"My opinion about single-payer in the United States is that there are so many powerful political groups, like the American Hospital Association and the American Medical Association, that dominate Washington that it can’t really happen," Bill Hsiao, the Harvard health economist who designed Vermont's plan, told me in an April 2014 interview. "In Vermont, there’s much more grassroots activism."
Vermont never knew how it would pay for single-payer
Vermont's single-payer bill, Act 48, had a detailed list of what it would and wouldn't cover (preventive care made the list, whereas dental did not).
What it didn't include was a plan for how to pay for all that health care — or even an estimate of what it would cost. Some now reflect back on that as an ominous sign for what would happen next.
"I was skeptical when the original bill passed," Peter Galbraith, a Vermont state senator, said. "When you pass a benefit and don't say how you're going to pay for it, it raises the obvious question of, 'How are you going to pay for it?'"
The answer, for Vermont, was a disheartening one: The state wouldn't ever pay for the plan. By December 2014 — more than three years after Act 48 became law — the Shumlin administration had run the numbers dozens of different ways. And its analysts had found that it would cost $2.5 billion to buy coverage for all Vermonters.
In Vermont, this was massive: The state only raises $2.7 billion in taxes a year — the single-payer plan would mean doubling tax collections. The Shumlin administration estimated it would need to increase payroll taxes by 11.5 percent and income tax by 9 percent. That's a big lift even if it would replace existing health premiums.
But it wasn't just the new taxes that killed Vermont's plan. If Shumlin could have told Vermont businesses, "You'll pay slightly less than you used to for health care — it'll just be a tax rather than a premium," his plan may have just barely squeaked by.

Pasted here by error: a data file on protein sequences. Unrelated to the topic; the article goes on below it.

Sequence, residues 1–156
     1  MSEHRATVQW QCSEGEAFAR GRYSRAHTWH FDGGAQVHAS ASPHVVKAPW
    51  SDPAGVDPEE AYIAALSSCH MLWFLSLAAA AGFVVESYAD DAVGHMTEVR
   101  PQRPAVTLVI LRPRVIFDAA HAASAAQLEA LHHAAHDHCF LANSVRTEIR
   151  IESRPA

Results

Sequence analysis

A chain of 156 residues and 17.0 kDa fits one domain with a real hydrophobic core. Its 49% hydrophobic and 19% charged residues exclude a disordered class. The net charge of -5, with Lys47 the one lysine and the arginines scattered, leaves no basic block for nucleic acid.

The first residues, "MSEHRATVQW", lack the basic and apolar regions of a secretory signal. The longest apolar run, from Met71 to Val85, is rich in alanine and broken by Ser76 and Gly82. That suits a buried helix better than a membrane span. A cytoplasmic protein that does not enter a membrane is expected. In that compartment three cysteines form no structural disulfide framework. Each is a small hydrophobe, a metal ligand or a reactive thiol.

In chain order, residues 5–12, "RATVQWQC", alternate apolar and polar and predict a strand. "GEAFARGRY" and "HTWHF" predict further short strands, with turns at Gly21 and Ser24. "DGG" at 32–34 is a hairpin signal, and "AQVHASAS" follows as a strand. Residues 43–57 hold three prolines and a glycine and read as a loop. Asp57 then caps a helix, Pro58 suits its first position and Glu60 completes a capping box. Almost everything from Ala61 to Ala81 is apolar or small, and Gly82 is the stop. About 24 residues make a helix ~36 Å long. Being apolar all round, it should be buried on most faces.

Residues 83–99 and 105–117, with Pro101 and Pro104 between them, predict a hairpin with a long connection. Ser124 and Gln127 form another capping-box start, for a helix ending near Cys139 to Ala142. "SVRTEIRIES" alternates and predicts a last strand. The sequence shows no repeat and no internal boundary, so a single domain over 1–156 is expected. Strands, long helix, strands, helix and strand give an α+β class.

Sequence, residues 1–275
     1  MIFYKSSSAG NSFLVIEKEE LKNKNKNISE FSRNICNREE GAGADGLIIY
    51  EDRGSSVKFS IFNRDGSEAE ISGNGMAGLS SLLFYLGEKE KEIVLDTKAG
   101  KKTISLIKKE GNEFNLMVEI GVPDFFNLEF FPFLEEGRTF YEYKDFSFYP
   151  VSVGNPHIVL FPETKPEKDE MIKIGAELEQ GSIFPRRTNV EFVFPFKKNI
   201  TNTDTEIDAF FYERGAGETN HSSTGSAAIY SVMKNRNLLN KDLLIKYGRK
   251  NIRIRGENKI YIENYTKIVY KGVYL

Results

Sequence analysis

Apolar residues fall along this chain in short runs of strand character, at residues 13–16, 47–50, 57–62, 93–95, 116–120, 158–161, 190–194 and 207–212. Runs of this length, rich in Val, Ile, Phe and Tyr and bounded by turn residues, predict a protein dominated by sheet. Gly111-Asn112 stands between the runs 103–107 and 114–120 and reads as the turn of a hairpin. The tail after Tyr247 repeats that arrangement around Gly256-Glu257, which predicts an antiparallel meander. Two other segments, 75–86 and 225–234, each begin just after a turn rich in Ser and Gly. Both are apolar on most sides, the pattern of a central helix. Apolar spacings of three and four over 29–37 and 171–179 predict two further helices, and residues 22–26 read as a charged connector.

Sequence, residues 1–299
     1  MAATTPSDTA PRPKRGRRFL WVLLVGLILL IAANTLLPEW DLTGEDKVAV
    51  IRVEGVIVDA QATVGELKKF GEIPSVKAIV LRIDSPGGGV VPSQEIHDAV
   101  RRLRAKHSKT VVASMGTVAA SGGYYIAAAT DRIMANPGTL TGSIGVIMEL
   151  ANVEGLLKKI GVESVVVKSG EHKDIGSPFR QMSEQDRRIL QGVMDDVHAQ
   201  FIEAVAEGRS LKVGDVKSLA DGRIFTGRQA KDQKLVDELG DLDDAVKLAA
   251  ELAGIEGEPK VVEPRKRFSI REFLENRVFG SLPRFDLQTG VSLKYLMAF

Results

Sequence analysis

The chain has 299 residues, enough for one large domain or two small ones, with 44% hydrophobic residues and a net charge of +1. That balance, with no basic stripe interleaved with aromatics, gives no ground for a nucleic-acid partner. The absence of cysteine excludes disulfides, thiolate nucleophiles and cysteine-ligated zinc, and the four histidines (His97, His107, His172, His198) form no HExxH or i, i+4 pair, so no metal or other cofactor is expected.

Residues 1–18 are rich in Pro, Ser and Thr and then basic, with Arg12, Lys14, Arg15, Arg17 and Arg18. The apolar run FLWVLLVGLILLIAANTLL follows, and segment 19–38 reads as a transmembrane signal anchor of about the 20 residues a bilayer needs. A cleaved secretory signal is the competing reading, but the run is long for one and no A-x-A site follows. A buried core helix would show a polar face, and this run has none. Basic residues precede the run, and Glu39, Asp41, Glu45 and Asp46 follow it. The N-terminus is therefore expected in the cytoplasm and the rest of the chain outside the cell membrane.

But he couldn't: The proposed taxes would ask higher earners to spend more on health care than they do now — in some cases, far more.
"An 11.5 percent tax would look great if I'm a low-wage employer," says Cathy Schoen, executive director of the Council of Economic Advisers at the Commonwealth Fund, a nonprofit that focuses on health policy research. "But if I'm a high-wage employer, 11.5 percent is going to be way higher than what I used to pay to buy insurance."
Single-payer would not have just changed how Vermont pays for health care — it would have changed who pays, shifting more of the burden onto large companies. This is an underappreciated fact of policy change, where even reforms that mostly create winners can still lead to a lot of angry losers. Even if many of Vermont's residents and business would have paid less under the new plan, many others would have paid more — and they organized to stop that from happening.
High prices helped kill Vermont's single-payer dream
The Vermont plan didn't have to cost $2.5 billion. It could have cost $2 billion or even $1.5 billion, if Vermont decided that local health care prices should look similar to neighboring Canada's.
Shumlin could have told Vermonters, "Across the border, in Canada, it costs $97 for a CT scan — and $896 here in Vermont. That's crazy! We're going to have Canadian prices for our Canadian-style health care system."
But Shumlin didn't say that, likely because such a massive price cut would cause incredible disruption to his state's health care system. Hospitals and doctors would near certainly oppose the single-payer plan if it posed a significant threat to their income.